Medically Unnecessary Early Deliveries Declining
March of Dimes Partnering with Hospitals on Quality Improvement Programs
White Plains, New York — Wednesday, January 25, 2012
Efforts to give more babies a healthy start in life by avoiding medically unnecessary early deliveries are beginning to show results, the March of Dimes said today.
The March of Dimes comments came as new hospital-based statistics released today by The Leapfrog Group show that medically unnecessary c-sections and inductions performed before 39 weeks are on the decline. About 39 percent of about 750 hospitals that voluntarily report to Leapfrog report an early elective delivery rate of 5 percent or less, up from about 30 percent last year.
For more than two years, the March of Dimes has been working with hospitals, health policy experts, and partner organizations to implement a toolkit that helps hospitals put in place policies and practices to reduce the number of medically unnecessary c-sections and inductions scheduled before 39 weeks of pregnancy. The toolkit is part of the March of Dimes multi-pronged approach to achieving the goals of its national Prematurity Campaign. The March of Dimes has set a goal of lowering the national preterm birth rate to 9.6 percent of all live births by 2020. To learn more about the importance of a full-term pregnancy visit marchofdimes.org/39weeks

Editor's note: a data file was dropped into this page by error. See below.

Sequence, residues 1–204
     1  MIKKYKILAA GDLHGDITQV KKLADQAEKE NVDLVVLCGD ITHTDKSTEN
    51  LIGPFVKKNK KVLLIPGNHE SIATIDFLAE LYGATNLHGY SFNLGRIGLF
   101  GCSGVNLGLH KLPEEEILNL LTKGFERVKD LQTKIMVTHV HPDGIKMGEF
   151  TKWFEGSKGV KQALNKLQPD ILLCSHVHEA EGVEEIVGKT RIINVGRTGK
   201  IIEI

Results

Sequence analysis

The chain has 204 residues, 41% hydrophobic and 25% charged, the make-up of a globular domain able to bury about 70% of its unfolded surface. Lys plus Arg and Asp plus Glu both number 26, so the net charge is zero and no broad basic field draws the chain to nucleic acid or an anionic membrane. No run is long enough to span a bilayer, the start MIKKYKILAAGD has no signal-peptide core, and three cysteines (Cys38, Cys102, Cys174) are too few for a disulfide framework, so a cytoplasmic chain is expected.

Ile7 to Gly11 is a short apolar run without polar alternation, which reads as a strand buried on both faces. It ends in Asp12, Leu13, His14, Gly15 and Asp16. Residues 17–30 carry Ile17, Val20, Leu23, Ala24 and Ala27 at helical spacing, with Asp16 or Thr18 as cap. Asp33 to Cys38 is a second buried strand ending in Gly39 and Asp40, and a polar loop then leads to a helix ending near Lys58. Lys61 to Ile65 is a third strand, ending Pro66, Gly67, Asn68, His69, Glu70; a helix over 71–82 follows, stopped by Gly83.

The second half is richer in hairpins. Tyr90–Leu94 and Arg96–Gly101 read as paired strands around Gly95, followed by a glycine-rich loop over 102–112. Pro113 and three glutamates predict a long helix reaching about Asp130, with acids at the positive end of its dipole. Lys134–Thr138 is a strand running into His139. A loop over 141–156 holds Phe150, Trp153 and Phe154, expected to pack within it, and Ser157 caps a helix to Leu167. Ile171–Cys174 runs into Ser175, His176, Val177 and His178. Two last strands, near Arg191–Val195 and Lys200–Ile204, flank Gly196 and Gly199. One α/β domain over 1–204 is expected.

Research in 2008 by the March of Dimes and the Centers for Disease Control and Prevention found that c-section deliveries accounted for nearly all of the increase in the U.S. singleton preterm birth rate between 1996 and 2004.
Preterm birth, birth before 37 weeks of pregnancy, is a serious health problem that costs the United States more than $26 billion annually, according to a 2006 Institute of Medicine report. It is the leading cause of newborn death, and one million babies worldwide die each year as a result of their early birth. Babies who survive an early birth often face the risk of lifelong health challenges, such as breathing problems, cerebral palsy, learning disabilities and others.
The March of Dimes says that if a pregnancy is healthy and there are no complications that require an early delivery, women should wait until labor begins on its own, or until at least 39 weeks of pregnancy. Many of the baby’s important organs, including the brain and lungs, are not completely developed until then.
About March of Dimes
The March of Dimes is the leading nonprofit organization for pregnancy and baby health. With chapters nationwide and its premier event, March for Babies®, the March of Dimes works to improve the health of babies by preventing birth defects, premature birth and infant mortality. The March for Babies is sponsored nationally by the March of Dimes number one corporate supporter Kmart, Farmers Insurance Group, Cigna, Famous Footwear, Sanofi Pasteur, FedEx, Mission Pharmacal, Watson Pharmaceuticals, First Response, and United Airlines.
For the latest resources and health information, visit our websites marchofdimes.org and nacersano.org. To participate in our annual signature fundraising event, visit marchforbabies.org. If you have been affected by prematurity or birth defects, visit our shareyourstory.org community to find comfort and support. For detailed national, state and local perinatal statistics, visit persistats.org. You can also find us on Facebook or follow us on Twitter.